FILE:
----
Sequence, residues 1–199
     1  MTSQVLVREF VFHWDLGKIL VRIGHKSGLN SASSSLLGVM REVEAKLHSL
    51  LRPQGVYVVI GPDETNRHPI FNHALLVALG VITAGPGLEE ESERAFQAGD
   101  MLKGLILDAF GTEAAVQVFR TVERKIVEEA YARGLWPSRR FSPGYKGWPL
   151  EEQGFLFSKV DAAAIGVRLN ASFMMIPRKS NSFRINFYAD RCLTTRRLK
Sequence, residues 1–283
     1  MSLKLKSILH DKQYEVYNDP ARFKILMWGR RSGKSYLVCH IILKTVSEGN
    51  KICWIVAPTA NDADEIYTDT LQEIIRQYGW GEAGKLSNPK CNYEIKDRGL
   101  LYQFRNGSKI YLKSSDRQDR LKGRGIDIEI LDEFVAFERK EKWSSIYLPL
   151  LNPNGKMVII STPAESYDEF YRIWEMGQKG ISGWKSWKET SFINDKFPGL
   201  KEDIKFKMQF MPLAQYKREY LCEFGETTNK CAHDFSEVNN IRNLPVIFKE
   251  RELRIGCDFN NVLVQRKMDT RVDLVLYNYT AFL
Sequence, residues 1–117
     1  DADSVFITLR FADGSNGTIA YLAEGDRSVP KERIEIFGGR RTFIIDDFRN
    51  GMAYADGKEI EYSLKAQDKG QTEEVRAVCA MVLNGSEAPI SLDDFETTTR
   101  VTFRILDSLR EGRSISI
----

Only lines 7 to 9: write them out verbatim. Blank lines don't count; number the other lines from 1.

     1  MSLKLKSILH DKQYEVYNDP ARFKILMWGR RSGKSYLVCH IILKTVSEGN
    51  KICWIVAPTA NDADEIYTDT LQEIIRQYGW GEAGKLSNPK CNYEIKDRGL
   101  LYQFRNGSKI YLKSSDRQDR LKGRGIDIEI LDEFVAFERK EKWSSIYLPL